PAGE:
December 15, 2012

Mornings in Jenin - Susan Abulhawa

Back in September, we had a new minister join our congregation.  She is a Palestinian Christian and lived in a refugee camp in Palestine before moving to North America.  Many stories from Palestine are included in her sermons.  And this is a book that she recently read and loaned to me.

I read it in big gulps this week while I was working out of town, and finished it on the airplane flying home on Thursday (literally finishing it as the plane taxied on the runway to it's parking spot).  And it's a good thing that I was sitting in the very back row of the airplane where no one could see me, since I think that I cried my way through the last few chapters.

The last time that I had a similar feeling was when I read "What Came Before He Shot Her" by Elizabeth George.  When reading that book I knew the ending before I began, and the whole book was a tragic series of events, made even sadder by seeing how inevitable they were.  This book gave me a similar feeling, but was even more powerful since it read more like a memoir than a novel.

It is a family saga, telling the story of 4 generations of the Abulheja family, centered around Amal who was born in the Jenin refugee camp and who eventually moves to America.  Amal's grandparents were farmers in the village of Ein Hod, Palestine.  They are later evicted from their village by the newly-formalized Israeli army in 1948, along with their children and grandchildren, and end up in the Jenin refugee camp.  Amal is born in Jenin and eventually ends up at a school for orphans in Jerusalem and later receives a scholarship for University in the US.  After graduation, she moves back to join her brother in a Palestinian refugee camp in Lebanon.  She marries, and eventually raises a daughter back in the US.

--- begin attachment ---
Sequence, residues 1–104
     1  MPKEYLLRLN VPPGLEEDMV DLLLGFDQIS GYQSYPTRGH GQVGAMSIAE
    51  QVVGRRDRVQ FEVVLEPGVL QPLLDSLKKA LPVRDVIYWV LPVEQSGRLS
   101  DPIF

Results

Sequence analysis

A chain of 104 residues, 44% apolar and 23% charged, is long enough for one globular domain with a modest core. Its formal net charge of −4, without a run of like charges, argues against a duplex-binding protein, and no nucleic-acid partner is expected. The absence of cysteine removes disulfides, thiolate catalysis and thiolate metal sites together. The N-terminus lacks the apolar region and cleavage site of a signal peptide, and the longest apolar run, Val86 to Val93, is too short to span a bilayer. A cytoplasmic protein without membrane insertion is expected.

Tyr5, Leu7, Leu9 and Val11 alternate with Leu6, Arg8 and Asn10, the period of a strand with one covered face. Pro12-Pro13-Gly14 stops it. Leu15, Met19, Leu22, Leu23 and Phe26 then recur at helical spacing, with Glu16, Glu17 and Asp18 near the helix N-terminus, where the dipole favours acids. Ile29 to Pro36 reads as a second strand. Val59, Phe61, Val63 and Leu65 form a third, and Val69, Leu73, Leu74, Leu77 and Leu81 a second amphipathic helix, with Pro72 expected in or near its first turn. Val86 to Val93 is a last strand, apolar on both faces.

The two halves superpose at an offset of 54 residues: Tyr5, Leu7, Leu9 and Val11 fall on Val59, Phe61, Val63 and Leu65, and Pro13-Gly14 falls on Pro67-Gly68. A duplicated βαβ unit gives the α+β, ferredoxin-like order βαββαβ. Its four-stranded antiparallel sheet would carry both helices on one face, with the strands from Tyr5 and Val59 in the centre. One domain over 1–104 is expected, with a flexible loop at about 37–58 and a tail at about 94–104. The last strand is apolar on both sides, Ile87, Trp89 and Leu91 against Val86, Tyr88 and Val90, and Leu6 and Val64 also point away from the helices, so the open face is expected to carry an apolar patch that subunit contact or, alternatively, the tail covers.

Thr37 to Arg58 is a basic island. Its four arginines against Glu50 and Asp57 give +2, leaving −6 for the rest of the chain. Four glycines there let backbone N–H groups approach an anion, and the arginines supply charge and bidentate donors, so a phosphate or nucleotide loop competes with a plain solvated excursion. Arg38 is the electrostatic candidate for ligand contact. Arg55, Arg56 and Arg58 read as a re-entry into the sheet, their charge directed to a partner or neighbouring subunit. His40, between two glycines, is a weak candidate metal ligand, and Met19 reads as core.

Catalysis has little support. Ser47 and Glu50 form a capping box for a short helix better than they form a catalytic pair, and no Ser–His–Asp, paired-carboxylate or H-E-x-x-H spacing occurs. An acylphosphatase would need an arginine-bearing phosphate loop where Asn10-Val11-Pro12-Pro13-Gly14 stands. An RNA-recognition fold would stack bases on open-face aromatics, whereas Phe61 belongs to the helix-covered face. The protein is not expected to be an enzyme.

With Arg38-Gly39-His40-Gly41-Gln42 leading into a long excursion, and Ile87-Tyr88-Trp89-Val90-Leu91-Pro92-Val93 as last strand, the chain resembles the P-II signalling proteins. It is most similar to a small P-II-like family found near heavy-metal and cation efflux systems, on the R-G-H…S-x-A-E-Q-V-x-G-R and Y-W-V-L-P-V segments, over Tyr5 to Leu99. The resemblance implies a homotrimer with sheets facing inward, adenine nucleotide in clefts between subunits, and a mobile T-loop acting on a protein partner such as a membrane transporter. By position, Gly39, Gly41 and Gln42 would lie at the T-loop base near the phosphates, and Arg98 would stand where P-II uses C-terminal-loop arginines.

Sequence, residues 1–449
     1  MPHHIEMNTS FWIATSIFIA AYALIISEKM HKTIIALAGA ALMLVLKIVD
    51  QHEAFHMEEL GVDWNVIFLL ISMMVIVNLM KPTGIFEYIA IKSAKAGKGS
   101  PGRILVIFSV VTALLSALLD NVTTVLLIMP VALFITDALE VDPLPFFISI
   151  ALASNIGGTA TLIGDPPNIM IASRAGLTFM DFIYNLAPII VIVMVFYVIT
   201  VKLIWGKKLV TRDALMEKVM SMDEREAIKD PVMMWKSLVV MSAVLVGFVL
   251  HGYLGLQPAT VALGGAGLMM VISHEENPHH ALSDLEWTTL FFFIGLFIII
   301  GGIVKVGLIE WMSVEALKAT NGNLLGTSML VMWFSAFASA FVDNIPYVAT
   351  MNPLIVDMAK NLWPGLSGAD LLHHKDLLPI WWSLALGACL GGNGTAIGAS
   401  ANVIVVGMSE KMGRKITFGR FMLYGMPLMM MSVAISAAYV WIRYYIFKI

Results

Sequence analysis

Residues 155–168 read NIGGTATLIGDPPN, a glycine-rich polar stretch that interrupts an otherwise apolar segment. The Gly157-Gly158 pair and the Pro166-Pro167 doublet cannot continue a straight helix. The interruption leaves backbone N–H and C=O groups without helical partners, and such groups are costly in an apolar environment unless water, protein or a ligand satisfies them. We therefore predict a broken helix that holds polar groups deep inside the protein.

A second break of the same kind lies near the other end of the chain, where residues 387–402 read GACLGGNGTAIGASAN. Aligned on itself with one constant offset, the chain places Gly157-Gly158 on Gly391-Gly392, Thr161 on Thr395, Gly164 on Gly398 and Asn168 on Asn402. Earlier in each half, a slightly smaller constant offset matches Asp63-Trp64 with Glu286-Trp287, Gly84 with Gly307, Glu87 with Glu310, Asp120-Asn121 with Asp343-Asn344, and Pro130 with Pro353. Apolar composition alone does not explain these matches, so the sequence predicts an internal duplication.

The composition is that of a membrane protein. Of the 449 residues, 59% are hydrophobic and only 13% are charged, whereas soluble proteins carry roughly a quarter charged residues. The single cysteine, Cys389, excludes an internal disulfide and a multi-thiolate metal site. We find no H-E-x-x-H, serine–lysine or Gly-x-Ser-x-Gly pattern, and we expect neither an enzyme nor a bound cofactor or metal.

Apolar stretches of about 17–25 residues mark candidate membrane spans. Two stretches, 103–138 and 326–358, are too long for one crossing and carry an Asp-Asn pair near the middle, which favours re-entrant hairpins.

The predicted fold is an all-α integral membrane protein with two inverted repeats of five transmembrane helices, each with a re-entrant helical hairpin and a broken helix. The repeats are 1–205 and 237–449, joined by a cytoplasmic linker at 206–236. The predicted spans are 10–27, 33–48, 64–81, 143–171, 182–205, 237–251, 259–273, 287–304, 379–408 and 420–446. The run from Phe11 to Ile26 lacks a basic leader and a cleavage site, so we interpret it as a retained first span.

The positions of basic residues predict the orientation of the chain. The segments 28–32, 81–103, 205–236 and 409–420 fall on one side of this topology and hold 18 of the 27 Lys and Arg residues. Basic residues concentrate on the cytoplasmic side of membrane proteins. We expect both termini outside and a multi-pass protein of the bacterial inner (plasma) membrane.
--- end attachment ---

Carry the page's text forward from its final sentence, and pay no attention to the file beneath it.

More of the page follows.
I found the book to be one long string of tragedies.  Any time there was any sign of hope or joy, something would happen to make things even worse than they were before.  And yet since the book is very strongly rooted in history, there was no catharsis in reading it.  The whole Palestinian situation is a tragedy on a gigantic scale, and there is no hope in the real-life story; so why should there be any hope in the fictional account of one Palestinian family?

I found the language in this book to be very rich, and (for the most part), a pleasure to read.  Part-way through this book, a friend sent me a link on Facebook to an article about words that are seldom used, but that should be used more.  I commented that it was a fun article, and that there was one word that was new to me - parvenu.  And less than 30 minutes after posting that comment, I came across "parvenu" in this book!  At times, the writing crossed the line from rich and meaty to florid (I tended to skip those passages), but for the most part, it was a pleasure to read from that aspect.  And even though the author includes a fair number of Arabic words, they were placed so well in context that I found that I rarely had to refer to the glossary at the end of the book.

One little quibble was that I got annoyed occasionally by the changing point of view.  Some sections were told by Amal in the first person (or rarely another character), and some sections were told by an all-knowing narrator.  I found these sections to be clumsily linked together - there was almost a clunk as the point of view changed.

I think that the Palestinian story is an important one to be told; as the story told by the media is often manipulated politically.  A novel is, by definition, written with a bias, but this story rang true.  Sometimes fiction can be more true than non-fiction.  I wish that I could say that I was optimistic that a solution to the Palestinian "situation" can be found, but I am not optimistic and this book reinforced those beliefs.

This book should be read by anyone wanting to understand better the situation in Israel and Palestine; and especially by those who think that they understand the situation.